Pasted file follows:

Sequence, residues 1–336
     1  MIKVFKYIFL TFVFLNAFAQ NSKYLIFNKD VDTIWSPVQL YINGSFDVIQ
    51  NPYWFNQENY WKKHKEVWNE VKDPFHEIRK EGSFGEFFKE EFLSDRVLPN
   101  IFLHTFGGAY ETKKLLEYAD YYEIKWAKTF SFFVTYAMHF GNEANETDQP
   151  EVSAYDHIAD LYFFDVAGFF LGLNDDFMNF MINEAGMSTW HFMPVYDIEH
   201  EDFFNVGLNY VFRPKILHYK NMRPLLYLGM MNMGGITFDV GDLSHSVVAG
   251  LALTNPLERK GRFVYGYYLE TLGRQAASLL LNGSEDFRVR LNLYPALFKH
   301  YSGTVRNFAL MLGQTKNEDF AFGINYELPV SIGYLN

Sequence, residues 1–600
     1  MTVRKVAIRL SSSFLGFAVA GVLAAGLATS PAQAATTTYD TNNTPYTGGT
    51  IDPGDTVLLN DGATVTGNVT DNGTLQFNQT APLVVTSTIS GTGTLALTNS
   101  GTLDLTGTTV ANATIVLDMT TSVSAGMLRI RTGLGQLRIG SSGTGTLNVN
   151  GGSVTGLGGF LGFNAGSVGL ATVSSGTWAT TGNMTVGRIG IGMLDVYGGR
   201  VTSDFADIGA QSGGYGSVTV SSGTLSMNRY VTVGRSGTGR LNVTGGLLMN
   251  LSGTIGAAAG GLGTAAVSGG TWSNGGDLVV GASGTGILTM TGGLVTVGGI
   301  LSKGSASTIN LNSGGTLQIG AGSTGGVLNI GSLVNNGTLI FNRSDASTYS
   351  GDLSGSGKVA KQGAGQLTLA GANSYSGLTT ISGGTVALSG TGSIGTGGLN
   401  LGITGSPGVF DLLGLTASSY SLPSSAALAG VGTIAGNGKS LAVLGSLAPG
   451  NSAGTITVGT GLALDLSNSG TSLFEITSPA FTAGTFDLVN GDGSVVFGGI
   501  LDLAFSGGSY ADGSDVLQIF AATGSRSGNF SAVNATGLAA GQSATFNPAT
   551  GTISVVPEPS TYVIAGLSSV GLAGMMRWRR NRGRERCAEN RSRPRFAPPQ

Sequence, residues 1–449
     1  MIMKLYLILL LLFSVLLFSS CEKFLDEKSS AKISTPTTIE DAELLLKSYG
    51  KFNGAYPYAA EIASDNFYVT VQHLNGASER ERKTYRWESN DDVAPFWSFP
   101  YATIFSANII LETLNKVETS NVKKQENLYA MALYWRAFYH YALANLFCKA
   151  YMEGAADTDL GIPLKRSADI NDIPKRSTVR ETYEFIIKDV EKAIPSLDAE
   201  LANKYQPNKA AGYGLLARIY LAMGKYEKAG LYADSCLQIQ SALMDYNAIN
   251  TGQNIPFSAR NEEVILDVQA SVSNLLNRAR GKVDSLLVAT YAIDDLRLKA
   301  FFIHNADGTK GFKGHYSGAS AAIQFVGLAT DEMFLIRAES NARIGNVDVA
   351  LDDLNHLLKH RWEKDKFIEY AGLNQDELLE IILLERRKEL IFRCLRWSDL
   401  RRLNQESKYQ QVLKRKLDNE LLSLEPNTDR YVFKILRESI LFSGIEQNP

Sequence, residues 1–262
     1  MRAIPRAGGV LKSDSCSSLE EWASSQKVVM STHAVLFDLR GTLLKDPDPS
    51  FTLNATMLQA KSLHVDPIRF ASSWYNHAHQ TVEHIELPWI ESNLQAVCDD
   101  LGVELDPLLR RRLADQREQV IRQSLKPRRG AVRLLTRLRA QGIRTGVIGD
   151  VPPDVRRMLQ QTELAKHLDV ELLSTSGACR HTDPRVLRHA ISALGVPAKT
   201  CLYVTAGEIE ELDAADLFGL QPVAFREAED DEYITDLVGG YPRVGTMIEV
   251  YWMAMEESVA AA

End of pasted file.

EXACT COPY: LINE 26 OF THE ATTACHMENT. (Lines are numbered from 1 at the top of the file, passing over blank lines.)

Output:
   151  YMEGAADTDL GIPLKRSADI NDIPKRSTVR ETYEFIIKDV EKAIPSLDAE